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Viewing DataSets when Debugging in VS.NET

Wednesday 28 July, 2004, 02:52 PM

I was a little confused by Julia Lerman's recent post on how you can see inside a DataSet from the debugger in VS.NET 2005.

I was confused because the screenshots show nothing you can't do with VS.NET 2003, which has been shipping for a while now...

The first screenshot seems to show a DataSet's Tables collection being expanded. Here is the exact same thing being done with a DataSet I'm working on at the moment.

Drilling into a DataSet in VS.NET 2003

It looks less pretty, which is the giveaway that I'm using VS.NET 2003 rather than VS.NET 2005, but it's showing pretty much the same information as Julia's screenshot. The main difference is that my example is using a strongly-typed DataSet, so some of the type names are different. (In fact drilling into strongly-typed DataSets is much easier than this - you don't need to dive into the Tables collection at all - you can just go straight to the named table.)

VS.NET 2003 also lets you drill into the Columns collection as Julia's second screenshot shows VS.NET 2005 doing. And most importantly, VS.NET 2003 also lets you expand the Rows property of a table to see the actual data. (The Columns property just shows you metadata.) I'm assuming VS.NET 2005 supports that too.

It looked to me like VS.NET 2005 wasn't offering anything here I didn't already have in VS.NET 2003, so I contacted Julia to find out what I was missing. After a short spell of confusion caused by each of us seeing different results, we eventually realised that the VB.NET lifestyle is what I was missing. I put together a project that passes a DataSet between a C# and a VB.NET component, and the debugger presents the same DataSet object differently depending on the language of the code you happen to be looking at it from! In C# you get the full guts of the DataSet as shown above, but in VB.NET you get a much smaller selection.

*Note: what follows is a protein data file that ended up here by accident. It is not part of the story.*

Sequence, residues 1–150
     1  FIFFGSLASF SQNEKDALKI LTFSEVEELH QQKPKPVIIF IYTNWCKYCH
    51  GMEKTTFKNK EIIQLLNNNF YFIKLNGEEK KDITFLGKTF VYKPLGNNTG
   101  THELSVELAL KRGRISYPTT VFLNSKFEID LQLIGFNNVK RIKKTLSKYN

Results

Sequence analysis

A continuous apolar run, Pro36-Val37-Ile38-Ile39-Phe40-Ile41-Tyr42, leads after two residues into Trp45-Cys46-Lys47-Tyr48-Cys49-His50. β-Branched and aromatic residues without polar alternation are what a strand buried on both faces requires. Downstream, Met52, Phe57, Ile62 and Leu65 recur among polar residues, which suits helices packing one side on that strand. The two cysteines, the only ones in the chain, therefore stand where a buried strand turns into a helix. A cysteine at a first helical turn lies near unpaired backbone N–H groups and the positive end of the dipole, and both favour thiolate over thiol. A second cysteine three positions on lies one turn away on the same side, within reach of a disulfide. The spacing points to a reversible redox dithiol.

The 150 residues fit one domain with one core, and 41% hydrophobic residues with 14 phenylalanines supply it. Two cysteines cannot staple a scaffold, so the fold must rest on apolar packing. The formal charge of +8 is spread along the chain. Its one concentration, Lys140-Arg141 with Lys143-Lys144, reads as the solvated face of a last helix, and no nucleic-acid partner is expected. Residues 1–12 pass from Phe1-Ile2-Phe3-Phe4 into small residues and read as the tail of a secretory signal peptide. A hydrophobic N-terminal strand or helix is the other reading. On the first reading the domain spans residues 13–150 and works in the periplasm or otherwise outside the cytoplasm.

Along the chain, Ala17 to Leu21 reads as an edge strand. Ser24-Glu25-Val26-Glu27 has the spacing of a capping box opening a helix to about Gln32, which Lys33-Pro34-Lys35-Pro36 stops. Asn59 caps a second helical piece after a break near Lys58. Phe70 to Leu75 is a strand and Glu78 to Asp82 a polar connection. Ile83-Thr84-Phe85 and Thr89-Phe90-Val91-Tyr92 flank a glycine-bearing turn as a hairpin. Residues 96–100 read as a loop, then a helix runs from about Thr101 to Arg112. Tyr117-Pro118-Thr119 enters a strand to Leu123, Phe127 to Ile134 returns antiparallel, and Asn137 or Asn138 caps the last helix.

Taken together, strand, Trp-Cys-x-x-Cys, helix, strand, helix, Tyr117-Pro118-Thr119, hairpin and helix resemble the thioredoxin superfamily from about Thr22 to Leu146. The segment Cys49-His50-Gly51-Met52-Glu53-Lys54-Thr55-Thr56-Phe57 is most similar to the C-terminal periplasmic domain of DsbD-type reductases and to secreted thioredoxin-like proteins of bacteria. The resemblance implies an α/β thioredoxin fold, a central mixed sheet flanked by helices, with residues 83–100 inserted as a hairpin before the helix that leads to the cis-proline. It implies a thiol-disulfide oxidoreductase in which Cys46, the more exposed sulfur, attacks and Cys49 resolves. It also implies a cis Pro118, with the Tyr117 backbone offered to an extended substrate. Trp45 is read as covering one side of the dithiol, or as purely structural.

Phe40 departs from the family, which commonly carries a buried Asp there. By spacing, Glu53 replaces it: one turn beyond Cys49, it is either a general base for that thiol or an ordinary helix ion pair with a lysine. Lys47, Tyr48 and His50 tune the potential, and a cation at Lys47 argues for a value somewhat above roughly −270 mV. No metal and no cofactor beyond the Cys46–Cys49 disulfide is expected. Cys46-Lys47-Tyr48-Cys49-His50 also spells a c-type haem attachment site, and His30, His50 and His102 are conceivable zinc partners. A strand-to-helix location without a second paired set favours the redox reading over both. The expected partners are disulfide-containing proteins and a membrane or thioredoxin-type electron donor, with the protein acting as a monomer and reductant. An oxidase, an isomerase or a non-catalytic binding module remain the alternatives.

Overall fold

I didn't previously realise that VB.NET showed less information than C# does for the exact same object. You would kind of think that a given object from the .NET Framework Class Library would look the same in the debugger regardless of language - a DataSet doesn't change the way it works just because I'm using it from VB.NET. But the key to understanding this is that VS.NET attempts to present all objects to you in a way that looks right for whatever language you're using. It therefore requires each language to provide an 'expression evaluator' - this is a component used by the debugger to work out how to present information in the debugger. Presumably it was just a limitation in the VB.NET expression evaluator that was preventing you from drilling into a DataSet in the debugger in VS.NET 2003.

So beta 1 of VS.NET 2005 just brings VB.NET up to the same level that C# has always had. This is slightly disappointing, as I was hoping that they would be using the new data visualisation features in VS.NET 2005 to present the contents of the DataSet in an easier to read fashion. Maybe that's coming in the next beta...

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